What’s it like to spend your working life assessing BREEAM projects?
We asked our lead consultant Alison Ewins about life inside and outside of the BREEAM world, and how we can all make those assessments run a little more smoothly…
BE: Hi Alison, can you tell us a bit about your job?
AE: I’m a BREEAM assessor and AP (Advisory Professional). So I help clients to achieve their ratings. I’m responsible for managing the assessment process and validating a project’s compliance against the BREEAM criteria. It’s my job to collate the evidence from the design team and make sure information we send to BRE (who provide the final certificate) shows how credits have been achieved.
I’ll attend meetings throughout the project to make sure the team is on track for achieving the rating they need, and I’ll go to site at the end of the project to take photos and collect evidence for the final assessment.
BE: How long have you been a BREEAM Assessor?
AE: I took my first BREEAM training course in 2007, so I’ve been an assessor for 14 years. My first couple of assessments were using the 2006 version. Since then I’ve certified over 75 projects including schools, university buildings, offices, hospitals and industrial warehouses, under BREEAM New Construction, Refurbishment and Fit Out and Code for Sustainable Homes.
BE: That’s a lot of projects! What sort of clients have you worked with over the years?
AE: I’ve worked with lots of the main contractors like Willmott Dixon, Wates, Morgan Sindall and Kier. I’ve also worked directly for the NHS and a few universities including University of Leicester and Nottingham Trent University.
I worked with University of Leicester and Willmott Dixon to achieve BREEAM Excellent on their Centre for Medicine which is the UK’s largest Passivhaus building. Through working with NTU I’ve also ended up giving lectures to the architectural technologist students about BREEAM as part of their course.
BE: What’s the best bit about being a BREEAM consultant?
AE: I feel like I’m doing my bit for the planet by guiding design teams to create more sustainable buildings.
BE: And the worst thing?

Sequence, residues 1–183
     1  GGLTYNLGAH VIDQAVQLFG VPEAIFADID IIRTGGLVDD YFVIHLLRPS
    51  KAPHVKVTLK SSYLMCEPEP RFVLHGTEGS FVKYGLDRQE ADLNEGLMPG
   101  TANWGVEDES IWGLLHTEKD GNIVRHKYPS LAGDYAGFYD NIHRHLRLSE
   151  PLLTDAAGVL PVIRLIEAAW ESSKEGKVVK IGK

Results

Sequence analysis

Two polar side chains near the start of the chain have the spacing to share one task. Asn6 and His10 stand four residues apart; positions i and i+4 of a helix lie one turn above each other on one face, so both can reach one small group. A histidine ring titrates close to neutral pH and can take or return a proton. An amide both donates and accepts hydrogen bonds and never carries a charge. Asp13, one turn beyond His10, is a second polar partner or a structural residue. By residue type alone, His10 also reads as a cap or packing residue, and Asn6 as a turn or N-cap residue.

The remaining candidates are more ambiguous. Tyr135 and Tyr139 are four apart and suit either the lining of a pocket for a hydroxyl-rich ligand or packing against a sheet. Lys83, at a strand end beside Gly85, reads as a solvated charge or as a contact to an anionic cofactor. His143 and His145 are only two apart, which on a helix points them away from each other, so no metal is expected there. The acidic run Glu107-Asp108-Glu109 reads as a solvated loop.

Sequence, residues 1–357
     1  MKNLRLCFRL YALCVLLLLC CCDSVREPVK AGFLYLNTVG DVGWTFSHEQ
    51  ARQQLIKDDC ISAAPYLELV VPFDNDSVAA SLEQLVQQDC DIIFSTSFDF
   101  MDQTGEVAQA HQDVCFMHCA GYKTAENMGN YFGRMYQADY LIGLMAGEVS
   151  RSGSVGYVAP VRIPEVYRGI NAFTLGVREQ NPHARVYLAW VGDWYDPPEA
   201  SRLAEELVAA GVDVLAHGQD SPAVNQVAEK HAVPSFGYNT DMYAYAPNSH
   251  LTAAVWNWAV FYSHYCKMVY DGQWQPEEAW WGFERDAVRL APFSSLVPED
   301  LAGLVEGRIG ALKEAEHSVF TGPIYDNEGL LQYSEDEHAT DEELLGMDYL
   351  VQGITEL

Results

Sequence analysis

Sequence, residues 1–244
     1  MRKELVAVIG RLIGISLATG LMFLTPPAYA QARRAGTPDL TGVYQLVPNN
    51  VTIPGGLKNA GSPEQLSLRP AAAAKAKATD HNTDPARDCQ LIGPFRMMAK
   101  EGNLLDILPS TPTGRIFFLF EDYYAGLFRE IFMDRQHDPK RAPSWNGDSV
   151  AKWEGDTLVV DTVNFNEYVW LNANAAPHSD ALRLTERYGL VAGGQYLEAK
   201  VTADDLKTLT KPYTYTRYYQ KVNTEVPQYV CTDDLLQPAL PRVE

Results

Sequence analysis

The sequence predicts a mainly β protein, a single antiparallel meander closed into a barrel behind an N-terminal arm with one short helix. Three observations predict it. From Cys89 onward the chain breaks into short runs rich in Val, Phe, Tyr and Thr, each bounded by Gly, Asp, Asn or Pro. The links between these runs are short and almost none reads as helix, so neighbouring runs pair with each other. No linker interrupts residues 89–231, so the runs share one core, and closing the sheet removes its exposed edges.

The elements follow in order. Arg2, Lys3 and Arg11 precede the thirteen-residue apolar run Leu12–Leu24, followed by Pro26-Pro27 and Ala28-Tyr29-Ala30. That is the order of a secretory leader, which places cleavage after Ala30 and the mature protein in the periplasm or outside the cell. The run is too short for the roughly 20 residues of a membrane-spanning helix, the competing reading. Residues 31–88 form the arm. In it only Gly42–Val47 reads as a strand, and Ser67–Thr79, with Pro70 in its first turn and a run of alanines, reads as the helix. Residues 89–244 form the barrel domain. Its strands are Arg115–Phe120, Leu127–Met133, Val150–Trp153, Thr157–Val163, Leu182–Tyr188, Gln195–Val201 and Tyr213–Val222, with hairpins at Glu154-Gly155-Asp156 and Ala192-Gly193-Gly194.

AE: I sometimes feel like the most unpopular person in the room! I still feel like a lot of people don’t take BREEAM seriously and it’s a bit of an afterthought, so it’s not considered as early as it should be, therefore making it much harder than it needs to be.
BE: How do you feel BREEAM can help us get towards a net zero carbon world?
AE: In a few different ways. Firstly BREEAM is usually updated at the same time as Part L to take into account the changes in the Building Regulations. Each update means that achieving credits for reduction in energy use and CO2 is harder. Credits are only awarded for going over and above the bare minimum Part L targets, so to achieve higher BREEAM ratings projects will generally need to show reductions over that Part L baseline. Also under the latest version of BREEAM new credits were added to evaluate operational energy. This attempts to address the performance gap between predicted and actual energy performance.
Secondly the UKGBC’s (UK Green Building Council) Net Zero Carbon A Framework Definition outlines five steps to achieve a Net Zero Carbon Building. Step 2 is to reduce construction impacts by measuring embodied carbon and offsetting at Practical Completion. In tune with this, BREEAM 2018 introduced credits for measuring the embodied carbon using Life Cycle Assessment (LCA). This includes measuring the embodied carbon in alternative construction types allowing the design teams to use these comparisons to make carbon reductions in the build process. Approximately 10% of the credits under 2018 BREEAM are awarded based on LCA, so the scheme has recognised the importance this has on the route to Net Zero Carbon.
BE: Have you got any advice for a BREEAM first timer?
AE: Start early! Approximately 30% of the credits need actioning at or around Concept Design, and without these, BREEAM can be hard work and expensive. The higher ratings will be impossible without the early credits.
Also, its crucial that you tell your BREEAM assessor if you make any changes to the design. They can then tell you if it’s going to affect the BREEAM score. I’ve worked on several projects where the design team have made changes and it’s led to significant issues. One project ended up having to add £30k worth of PV onto the roof to achieve BREEAM Excellent as they’d made changes that affected the energy performance – if they’d run it by me at the time, we could have found another solution.
BE: What else do you do outside of your assessment and consultancy work?
AE: I’ve been carrying out Life Cycle Assessments (LCA) since BREEAM introduced this as a major part of the assessment in 2018. I’ve given a number of CPD sessions to contractors, architects and university students; mainly on BREEAM but also Code for Sustainable Homes.
BE: What do you get up to outside of BE?
AE: Climbing, cycling, aerobics, walking, baking and eating cake. A day without exercise is a wasted day!
BE: Thanks for your time Alison!
Can we help with your BREEAM project?
Call us on 0330 055 34 05 or email firstname.lastname@example.org.